Biopics are often a hard sell for me, even when I've made a point of seeing everything else a director has made, and Erin Brockovich is a good example why. I like them when they somehow transcend the material and tell a thematically coherent story. I don't care about them when they are inherently biographical and have a more informative value. Erin Brockovich has a worthy story about sticking it to a polluting corporation, and I guess we do learn about how class action suits work, but it also lacks focus by swinging back and forth between investigation/lawyer tactics and Erin's family life. I'm not entirely sure why we should care about the sacrifices this coarse single mother makes when her clients have much more powerful stories. Not to say this isn't well told. Soderbergh is a reliable director and Julia Roberts gives a good, if predictable, performance. Albert Finney as the lawyer is perhaps the highlight.

1980's Gamera: Super Monster has the dubious distinction of being the last kaiju movie of the Shōwa era (the first was 1954's Gojira), made almost a decade after the last Gamera film as a way to tave Daiei Studios out of debt. It didn't work. Using a framing tale about a trio of alien superheroines who depend on bad video effects and don't do a whole lot besides change in and out of costume, and - this is unclear - making it possible for a kid to use his imagination to turn a pet turtle into Gamera, the silly patchwork plot is an excuse to show clips of previous Gamera films, mostly final battles with the monsters. Hey, none of the Gamera films are especially strong, so as a "best of" you might show friends, it's less tedious than actually going through the giant turtle's filmography (or even a single one of its films). After a while, the bad effects, ridiculous plotting, and inane synth music (the superheroes use keyboards to work their technology) becomes a kind of camp delight. It's bad, but pleasantly so.

Doctor Who Titles: Before the Flood is Leonardo DiCaprio's response to being made United Nations envoy in matters relating to the environment. Like An Inconvenient Truth, it looks at climate change's effects all around the world, and spends a fair amount of time explaining the science and exposing the practices and policies that are making the situation worse every day. It's a depressing piece of film, of course, even more so 2 years after it was made, as any hope it gives seems to have been destroyed by the current U.S. regime's corporate agenda. The message is valuable, to be sure, but there's an important discrepancy between DiCaprio's written voice-over, which is good, and his onscreen presence where he's mostly stunned, repeating an expert's words to make sure he gets it, or lobbing soft questions at politicians. At least his high profile means more people might see this and start to believe climate change is real and, if addressed soon, eventually reversible.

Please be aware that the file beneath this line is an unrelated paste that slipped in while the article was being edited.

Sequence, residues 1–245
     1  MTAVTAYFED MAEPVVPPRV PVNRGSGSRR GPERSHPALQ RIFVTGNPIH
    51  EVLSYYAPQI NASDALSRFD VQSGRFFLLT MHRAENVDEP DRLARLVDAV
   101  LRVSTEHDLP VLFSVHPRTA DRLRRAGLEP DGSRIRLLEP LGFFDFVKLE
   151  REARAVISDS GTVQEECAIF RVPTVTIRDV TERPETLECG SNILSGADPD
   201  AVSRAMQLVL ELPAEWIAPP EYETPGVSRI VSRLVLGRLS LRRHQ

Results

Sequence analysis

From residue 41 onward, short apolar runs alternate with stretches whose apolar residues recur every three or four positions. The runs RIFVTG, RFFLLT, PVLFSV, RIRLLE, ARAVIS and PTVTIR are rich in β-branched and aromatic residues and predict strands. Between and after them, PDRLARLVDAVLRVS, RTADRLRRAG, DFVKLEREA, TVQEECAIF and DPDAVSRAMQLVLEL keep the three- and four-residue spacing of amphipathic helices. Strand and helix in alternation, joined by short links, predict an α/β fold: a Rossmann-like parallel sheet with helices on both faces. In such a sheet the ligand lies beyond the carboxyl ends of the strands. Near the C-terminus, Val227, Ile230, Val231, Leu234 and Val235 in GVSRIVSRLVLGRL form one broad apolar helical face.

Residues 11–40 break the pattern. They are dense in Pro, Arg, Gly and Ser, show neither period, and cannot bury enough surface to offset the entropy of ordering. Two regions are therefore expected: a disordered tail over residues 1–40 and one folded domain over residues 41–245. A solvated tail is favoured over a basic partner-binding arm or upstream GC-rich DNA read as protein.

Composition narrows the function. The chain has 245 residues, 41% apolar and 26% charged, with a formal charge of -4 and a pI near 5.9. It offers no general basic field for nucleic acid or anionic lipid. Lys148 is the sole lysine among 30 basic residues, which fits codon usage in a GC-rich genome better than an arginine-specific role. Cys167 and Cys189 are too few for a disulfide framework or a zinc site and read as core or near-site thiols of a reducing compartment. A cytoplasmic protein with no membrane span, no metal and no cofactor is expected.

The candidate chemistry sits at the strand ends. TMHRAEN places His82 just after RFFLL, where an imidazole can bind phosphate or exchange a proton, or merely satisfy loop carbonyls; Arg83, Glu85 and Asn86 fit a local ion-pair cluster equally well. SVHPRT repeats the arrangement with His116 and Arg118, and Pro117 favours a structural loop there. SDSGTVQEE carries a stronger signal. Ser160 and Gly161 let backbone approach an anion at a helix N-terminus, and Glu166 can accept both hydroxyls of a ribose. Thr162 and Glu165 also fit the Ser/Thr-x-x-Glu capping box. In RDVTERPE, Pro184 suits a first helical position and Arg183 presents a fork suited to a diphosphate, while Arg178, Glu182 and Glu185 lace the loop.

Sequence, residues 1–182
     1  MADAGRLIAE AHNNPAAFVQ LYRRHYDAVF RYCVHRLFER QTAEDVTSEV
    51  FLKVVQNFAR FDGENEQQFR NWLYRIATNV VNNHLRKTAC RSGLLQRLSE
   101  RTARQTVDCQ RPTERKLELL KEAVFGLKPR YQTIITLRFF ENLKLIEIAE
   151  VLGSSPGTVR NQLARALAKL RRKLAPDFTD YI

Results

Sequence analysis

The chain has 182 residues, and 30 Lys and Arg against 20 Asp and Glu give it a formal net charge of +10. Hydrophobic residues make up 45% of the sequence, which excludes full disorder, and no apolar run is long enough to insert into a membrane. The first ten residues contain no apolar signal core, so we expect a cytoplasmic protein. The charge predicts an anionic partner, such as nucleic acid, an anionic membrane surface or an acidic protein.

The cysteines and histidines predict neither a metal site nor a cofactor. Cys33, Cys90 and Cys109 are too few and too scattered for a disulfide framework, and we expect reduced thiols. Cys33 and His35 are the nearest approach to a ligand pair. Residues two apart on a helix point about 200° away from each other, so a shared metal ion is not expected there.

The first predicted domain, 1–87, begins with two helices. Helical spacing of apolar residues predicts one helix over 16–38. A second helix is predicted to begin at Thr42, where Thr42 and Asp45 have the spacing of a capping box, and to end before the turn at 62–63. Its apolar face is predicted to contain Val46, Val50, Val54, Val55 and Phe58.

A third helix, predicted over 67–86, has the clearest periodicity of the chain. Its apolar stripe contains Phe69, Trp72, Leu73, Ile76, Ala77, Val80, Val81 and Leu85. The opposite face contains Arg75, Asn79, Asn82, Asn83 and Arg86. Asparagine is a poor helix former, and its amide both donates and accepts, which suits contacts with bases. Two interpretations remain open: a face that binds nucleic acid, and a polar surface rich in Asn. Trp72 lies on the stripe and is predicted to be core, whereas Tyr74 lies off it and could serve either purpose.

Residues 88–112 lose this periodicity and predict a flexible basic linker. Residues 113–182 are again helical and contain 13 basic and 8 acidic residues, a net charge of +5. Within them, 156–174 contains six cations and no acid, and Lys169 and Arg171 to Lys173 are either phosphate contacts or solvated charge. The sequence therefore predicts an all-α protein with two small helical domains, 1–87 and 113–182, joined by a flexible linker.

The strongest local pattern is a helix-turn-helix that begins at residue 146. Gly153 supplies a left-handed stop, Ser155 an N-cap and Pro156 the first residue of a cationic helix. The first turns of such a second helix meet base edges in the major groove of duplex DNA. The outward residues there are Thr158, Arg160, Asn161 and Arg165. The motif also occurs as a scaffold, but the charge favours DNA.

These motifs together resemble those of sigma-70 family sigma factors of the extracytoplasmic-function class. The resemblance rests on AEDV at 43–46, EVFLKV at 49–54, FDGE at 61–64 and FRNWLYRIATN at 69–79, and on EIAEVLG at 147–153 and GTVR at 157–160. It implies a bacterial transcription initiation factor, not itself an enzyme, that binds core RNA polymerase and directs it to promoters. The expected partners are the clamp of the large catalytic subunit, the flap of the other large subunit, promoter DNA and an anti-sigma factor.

#The TARDIS lands in the film... The 12th Doctor and Clara think climate change is caused by aliens, but no one listens cuz it turns out humanity is the real monster.

Heaven Sent (AKA Thank Heaven for Small Favors AKA Un drôle de paroissien - literally, A funny [or odd] parishioner) is an amusing French comedy from 1963 in which a pious aristocrat whose family is broke starts to steal from Parisian churches to rebuild their fortune. Look, they weren't born or taught to work! As his schemes become more and more ambitious, the police's church brigade executes a massive manhunt for the thief. Somehow, comedian Bourvil lends the character a naive sincerity that makes it impossible to see his actions as criminal or heretical, and the film's light heart engineers events so that no harm has truly been done by the end, not even to the rich slackers it sends up.
#The TARDIS lands in the film... The 1st Doctor and his crew investigate the church thefts to get their TARDIS out of the police impound.


De said...

I’ll give Blockers a look, thanks to your review. It may be a Netflix viewing, but I will watch it at some point.

Erin Brockovich is the movie I ended up seeing three times in the span of a week and a half. I’m not proud of this.

I’ll save the Avengers comments for the Fire & Water site.